This One Neat Trick Will Eliminate Clickbait Forever

NPR's Carebot project aims to move beyond page views to change the way online publishers measure success.
Brian Boyer

Online publishers and advertisers for some time have measured success almost entirely with a single metric: clicks. It’s created a perverse system that rewards publishers and their content producers for goading users into landing on a page with splashy or misleading headlines and content that's attractive and easily digestible, but without much value. Measuring page views = clickbait, in other words.

Brian Boyer, the head of National Public Radio’s visuals team, wants to change that online measure of success for news organizations. Boyer and a team of three others were recently awarded a $35,000 grant from the John S. and James L. Knight Foundation to come up with a tool that measures the impact of media -- whether it’s a story, slideshow, video or interactive feature -- beyond someone having landed on a webpage. The project, called Carebot, is still in early development -- the project kicks off in February and the team will launch something by April. But the goal is to produce a prototype that measures impact in a more meaningful, substantive way. The Huffington Post spoke with Boyer about the project.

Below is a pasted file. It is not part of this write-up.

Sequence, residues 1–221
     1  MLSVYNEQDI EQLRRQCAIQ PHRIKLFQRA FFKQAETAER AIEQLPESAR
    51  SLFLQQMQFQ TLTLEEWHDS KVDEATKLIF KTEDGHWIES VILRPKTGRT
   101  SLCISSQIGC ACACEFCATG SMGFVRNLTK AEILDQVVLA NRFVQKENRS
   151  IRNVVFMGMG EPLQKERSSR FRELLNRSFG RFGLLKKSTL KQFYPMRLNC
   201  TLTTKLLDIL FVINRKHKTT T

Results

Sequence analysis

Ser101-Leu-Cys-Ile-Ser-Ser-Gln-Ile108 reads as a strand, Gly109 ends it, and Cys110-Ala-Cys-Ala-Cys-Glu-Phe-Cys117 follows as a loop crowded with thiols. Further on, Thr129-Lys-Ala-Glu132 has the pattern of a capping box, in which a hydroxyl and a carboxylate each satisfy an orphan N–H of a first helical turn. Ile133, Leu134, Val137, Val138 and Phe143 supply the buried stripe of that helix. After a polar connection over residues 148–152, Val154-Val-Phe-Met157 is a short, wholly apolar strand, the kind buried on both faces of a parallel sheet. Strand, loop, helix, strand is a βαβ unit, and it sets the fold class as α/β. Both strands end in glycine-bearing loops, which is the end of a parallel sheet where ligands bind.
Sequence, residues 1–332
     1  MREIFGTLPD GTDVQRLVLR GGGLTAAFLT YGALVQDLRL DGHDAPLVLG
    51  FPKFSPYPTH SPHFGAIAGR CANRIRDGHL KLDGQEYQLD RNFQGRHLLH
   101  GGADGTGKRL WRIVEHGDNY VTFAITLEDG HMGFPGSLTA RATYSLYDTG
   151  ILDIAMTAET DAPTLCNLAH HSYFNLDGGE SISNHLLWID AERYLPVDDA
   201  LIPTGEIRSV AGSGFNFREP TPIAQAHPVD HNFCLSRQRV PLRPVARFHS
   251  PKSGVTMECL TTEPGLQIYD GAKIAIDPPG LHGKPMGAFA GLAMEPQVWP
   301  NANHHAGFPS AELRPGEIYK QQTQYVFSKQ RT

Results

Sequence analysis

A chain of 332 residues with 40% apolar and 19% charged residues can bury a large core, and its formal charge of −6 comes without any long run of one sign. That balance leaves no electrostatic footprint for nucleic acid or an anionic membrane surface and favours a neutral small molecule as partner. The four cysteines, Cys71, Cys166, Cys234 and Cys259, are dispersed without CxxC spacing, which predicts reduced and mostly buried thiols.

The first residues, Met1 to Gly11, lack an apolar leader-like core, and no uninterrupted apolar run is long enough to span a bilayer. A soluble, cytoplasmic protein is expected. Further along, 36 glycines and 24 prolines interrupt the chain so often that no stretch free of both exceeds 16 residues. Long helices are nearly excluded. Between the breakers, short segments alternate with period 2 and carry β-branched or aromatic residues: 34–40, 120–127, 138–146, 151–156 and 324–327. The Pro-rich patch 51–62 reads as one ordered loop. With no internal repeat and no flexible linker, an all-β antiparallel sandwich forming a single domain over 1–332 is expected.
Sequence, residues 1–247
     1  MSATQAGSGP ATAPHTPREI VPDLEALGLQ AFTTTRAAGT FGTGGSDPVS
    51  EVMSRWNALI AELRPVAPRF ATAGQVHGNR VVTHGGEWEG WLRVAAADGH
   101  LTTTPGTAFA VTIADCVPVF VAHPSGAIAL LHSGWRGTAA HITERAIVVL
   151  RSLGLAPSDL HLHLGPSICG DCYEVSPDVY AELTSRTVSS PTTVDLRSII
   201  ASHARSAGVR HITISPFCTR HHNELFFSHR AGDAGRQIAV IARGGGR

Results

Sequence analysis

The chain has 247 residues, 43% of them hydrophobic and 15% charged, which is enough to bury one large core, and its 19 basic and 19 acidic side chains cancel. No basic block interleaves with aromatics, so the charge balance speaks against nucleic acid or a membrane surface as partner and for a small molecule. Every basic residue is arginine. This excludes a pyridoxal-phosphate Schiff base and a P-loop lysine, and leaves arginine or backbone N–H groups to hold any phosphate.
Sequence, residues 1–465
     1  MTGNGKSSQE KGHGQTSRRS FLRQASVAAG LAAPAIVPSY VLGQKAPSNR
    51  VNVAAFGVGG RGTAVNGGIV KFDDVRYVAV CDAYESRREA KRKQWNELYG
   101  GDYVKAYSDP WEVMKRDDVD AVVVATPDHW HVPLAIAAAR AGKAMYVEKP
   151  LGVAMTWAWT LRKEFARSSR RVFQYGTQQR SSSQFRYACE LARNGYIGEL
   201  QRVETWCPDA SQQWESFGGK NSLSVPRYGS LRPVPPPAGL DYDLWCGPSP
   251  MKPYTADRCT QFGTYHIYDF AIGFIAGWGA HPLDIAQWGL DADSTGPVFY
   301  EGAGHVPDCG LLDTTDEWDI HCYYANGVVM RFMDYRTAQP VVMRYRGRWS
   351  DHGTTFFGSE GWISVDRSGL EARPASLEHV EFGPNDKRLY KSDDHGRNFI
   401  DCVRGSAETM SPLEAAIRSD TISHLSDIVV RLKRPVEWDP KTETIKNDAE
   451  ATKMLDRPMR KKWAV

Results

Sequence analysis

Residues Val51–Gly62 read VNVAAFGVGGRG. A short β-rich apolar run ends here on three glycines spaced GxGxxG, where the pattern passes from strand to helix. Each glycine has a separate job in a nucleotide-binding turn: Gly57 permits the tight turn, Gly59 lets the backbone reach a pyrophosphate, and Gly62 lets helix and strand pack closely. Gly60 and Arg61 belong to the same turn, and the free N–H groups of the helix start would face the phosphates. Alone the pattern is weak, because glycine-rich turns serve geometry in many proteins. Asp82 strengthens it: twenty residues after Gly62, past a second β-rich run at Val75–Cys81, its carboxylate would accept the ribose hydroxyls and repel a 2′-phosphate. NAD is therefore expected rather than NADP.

Tell me a little bit about the problem you set out to solve. How did the idea first come about?

The question that all of us eventually ask ourselves is: Are we doing our jobs, right? Do we have an impact? When I was at ProPublica, at the morning meeting we would shout, “Impact!” when Congress passed a bill related to our reporting. But at NPR, our bread and butter isn't really accountability journalism; it’s about introducing the audience to people and ideas they're not familiar with. So we started thinking about different alternative ways to look at our analytics, and other data we could be gathering that might give us more of a window into if a story made somebody give a shit.

At the end of the day, empathy is our impact.

How do you measure empathy?

My joke about it is we can't put our audience in an MRI machine every day, and we don't have a window into their souls. So, what can we use as a proxy for those things? A raw page view is just a proxy for: Did we provoke you to click? It's not a proxy for if you read it. It's not a proxy for if you gave a shit. It's a proxy for: Were we successful at provoking you? Google Analytics provides us a “time on site” number, but that only roughly allows you to estimate how much time someone spent on a story.